Speaking for myself…when I try to think of Antarctica, then besides all those beautiful images I’ve seen, and besides having no real idea what minus a hell of a lot feels like, all I have is words like “vast” – or “forever”. And that’s about it. In other words, I can’t grasp it – I can’t comprehend the scale of the place.
So when I hear that the West Antarctic Ice Sheet is melting, all I can conjure up is images of what might constitute “melting” (pools of water, calving events)…and then blank.
The West Antarctic Ice Sheet covers an area of just under 2 million square kilometres? – blank.
The thickness of the ice covering Western Antarctic is up to 2000m or 2 km thick? – kinda blank.
When the West Antarctic Ice Sheet disintegrates it will raise sea levels by about 3m….now, that I can kind of envisage, at least in terms of my locality.
In an attempt to get some kind of conceptual grasp of what we’re referring to when we talk of Antarctica, I tried to think of something I might at least partially “get” that I could sit alongside it in terms of scale.
So I did a quick search to see what land area is covered by cities, thinking that might give me some vaguely graspable reference point. I mean, we’ve all seen the aerial views of New York, and many of us have traveled through endless kms of conurbation, right?
So anyway, the land area covered by all of the worlds urban development is about 3.5 million square km. That’s according to a study done by Columbia University that some are saying is a huge over-estimate in terms of area.
Regardless. If I take every single urban experience I’ve had, be it London, Paris, New York or Auckland, and I add beside that, Shanghai, Mumbai, Tokyo, Buenos Aires…then when I’ve finished tallying up all the endless horizons of concrete and steel, (images provided) I can fit the whole damned lot on to West Antarctic and Greenland (the other major source of sea level rise) and still have half a million square km of ice left over.
That’s ‘everything built’ by humanity fitting onto the surface area of ice that’s currently melting.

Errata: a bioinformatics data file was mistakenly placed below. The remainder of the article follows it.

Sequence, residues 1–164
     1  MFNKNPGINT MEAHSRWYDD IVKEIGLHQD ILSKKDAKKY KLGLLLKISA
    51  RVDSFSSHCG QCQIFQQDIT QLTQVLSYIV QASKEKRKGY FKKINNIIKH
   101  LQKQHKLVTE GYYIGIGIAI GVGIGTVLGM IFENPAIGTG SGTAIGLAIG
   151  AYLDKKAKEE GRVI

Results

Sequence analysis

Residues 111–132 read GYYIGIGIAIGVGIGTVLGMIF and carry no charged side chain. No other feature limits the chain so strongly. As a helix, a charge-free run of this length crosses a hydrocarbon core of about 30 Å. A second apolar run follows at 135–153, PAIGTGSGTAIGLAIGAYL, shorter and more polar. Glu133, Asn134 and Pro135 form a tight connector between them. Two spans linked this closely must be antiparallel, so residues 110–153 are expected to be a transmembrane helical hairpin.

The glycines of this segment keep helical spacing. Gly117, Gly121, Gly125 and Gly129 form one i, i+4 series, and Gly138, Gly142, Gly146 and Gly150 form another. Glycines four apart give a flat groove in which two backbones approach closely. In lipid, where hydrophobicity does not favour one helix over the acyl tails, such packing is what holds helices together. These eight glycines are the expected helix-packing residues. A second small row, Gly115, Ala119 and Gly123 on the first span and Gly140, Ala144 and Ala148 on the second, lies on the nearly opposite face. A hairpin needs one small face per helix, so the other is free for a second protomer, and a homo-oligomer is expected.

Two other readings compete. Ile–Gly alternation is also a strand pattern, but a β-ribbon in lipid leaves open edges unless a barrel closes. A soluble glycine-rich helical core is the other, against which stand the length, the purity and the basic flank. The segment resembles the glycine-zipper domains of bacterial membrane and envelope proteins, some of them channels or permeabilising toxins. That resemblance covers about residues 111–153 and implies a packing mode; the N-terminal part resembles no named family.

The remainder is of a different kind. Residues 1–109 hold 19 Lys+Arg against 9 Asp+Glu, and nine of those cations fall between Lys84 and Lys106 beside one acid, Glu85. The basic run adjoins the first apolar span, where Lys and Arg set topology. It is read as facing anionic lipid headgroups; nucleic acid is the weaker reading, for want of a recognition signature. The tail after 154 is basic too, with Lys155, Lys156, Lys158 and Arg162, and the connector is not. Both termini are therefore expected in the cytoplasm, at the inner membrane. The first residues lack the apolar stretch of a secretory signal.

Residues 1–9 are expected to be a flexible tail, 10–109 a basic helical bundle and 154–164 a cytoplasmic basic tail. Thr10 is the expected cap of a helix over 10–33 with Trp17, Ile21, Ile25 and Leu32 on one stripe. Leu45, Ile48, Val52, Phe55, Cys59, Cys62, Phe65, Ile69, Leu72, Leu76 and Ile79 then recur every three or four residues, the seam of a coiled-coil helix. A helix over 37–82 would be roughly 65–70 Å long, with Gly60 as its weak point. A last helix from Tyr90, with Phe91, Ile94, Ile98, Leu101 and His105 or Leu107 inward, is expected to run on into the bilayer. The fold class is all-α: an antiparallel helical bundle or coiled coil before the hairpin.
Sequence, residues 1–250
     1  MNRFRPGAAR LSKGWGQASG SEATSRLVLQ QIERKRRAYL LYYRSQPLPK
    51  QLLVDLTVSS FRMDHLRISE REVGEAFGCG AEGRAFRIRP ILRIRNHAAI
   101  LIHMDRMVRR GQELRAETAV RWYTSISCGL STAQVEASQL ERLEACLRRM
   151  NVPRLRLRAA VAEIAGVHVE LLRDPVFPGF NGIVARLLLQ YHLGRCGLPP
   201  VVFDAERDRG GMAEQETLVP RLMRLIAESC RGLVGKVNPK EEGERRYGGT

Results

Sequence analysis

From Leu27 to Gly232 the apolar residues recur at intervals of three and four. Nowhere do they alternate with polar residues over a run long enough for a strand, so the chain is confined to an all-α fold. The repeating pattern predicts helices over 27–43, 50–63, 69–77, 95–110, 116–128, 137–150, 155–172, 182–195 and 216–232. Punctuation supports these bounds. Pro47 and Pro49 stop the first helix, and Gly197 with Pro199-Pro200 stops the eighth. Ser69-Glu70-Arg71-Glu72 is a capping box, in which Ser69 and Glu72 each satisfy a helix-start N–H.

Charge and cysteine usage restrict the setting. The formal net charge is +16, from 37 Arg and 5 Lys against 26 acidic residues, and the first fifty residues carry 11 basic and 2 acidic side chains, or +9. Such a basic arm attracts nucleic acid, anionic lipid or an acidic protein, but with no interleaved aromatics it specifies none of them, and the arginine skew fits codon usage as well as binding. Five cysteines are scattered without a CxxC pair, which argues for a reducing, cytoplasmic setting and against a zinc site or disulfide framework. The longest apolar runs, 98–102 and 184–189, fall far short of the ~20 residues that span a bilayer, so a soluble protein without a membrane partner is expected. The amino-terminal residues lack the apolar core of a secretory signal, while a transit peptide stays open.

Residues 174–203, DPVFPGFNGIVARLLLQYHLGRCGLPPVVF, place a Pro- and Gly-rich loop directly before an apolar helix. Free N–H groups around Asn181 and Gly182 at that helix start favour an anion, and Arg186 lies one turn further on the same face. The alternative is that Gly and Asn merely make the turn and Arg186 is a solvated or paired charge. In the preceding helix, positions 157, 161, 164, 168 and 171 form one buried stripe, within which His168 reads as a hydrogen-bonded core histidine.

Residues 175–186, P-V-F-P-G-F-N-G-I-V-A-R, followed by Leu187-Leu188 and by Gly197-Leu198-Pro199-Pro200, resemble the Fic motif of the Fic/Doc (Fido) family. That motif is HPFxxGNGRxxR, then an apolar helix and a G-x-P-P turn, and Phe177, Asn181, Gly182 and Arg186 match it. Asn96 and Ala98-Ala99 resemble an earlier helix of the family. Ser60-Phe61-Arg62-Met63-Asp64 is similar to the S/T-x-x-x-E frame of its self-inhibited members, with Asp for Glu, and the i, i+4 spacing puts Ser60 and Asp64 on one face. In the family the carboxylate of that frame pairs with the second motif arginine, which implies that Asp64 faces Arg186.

I can get that conceptually. Sort of. All of that ice melting is like all of our cities dissolving (or some such). Except, not quite. We need to do something with what this mega city comprised of concentrating all the world’s cities/built up areas into one place looks like.
The ice on Antarctica (Western) is up to 2km thick. (Greenland ice is between 2km and 3 km thick) The Twin Towers were just over 500m tall. So take every piece of built up area (the suburb you live in – Everything) and imagine there is nothing except Twin Tower after Twin Tower after Twin Tower – and then multiply the height x2…or x3 to get some rough approximation of the volume of ice we’re talking about.
Now compromise the foundations of all those exaggerated “Twin Towers”. They’ll stay standing…for now. But their collapse isn’t a matter of ‘if’, but ‘when’. That’s essentially the state of affairs for the Western Antarctic under current climatic conditions.
The IPCC and all government reports on sea level rise acknowledge that ice melt from Western Antarctica has not been taken into account when they say there might be a 1m rise in sea levels this century. That’s about 3m of additional sea level rise that’s been waved off to the side.
And here’s the fun bit.
Whereas it has been suggested that such a colossal amount of ice would take thousands of years to melt down (as though we were talking of some big ice cube just melting off into the ground), when researchers take processes like “ice cliff failure” (max possible height for an ice cliff being about 100m) and hydro-facturing – (think water and crevasses) – and factor them into modeling, then the collapse of the West Antarctica Ice Sheet occurs over decades, not centuries, and certainly not thousands of years.
And we know the fuse has been lit. Exactly like having compromised the foundations of the buildings in our imaginary city, the only thing we don’t know (and probably can’t ever know in advance) is when the collapse will begin
If you’re reading this and thinking that scientists have just modeled for a worst case scenario, and so have exaggerated some processes to get a nice OMG! result, you’d be wrong. What they have done is made the models emulate the known conditions from the last time the world’s atmosphere contained this much CO2 – three to five million years ago during the Pliocene when temperatures were around 2 – 3 degrees C warmer and sea levels about +25m higher.
By the way, there was no irony intended when I suggested looking at expected ice melt in terms of all of the worlds cities falling over. But it’s there, given that the foundation (however defined) for many of those cities will be knocked out by rising sea level.